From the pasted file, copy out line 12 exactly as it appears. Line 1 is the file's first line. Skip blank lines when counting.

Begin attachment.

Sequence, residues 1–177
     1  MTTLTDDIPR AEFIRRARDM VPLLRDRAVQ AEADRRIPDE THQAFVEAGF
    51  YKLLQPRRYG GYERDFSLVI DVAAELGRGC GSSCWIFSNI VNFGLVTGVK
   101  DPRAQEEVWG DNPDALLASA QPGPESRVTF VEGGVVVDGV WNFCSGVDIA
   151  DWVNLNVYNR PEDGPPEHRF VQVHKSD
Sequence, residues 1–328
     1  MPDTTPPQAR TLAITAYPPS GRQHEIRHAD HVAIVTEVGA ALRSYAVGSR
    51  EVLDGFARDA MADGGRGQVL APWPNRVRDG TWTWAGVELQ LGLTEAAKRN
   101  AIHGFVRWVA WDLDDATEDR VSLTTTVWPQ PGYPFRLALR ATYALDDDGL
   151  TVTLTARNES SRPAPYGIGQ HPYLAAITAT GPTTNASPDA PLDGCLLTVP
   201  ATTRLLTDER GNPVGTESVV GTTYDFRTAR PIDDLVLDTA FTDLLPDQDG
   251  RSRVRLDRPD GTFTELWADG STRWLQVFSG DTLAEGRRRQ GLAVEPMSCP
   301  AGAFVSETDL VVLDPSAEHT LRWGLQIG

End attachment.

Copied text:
   251  RSRVRLDRPD GTFTELWADG STRWLQVFSG DTLAEGRRRQ GLAVEPMSCP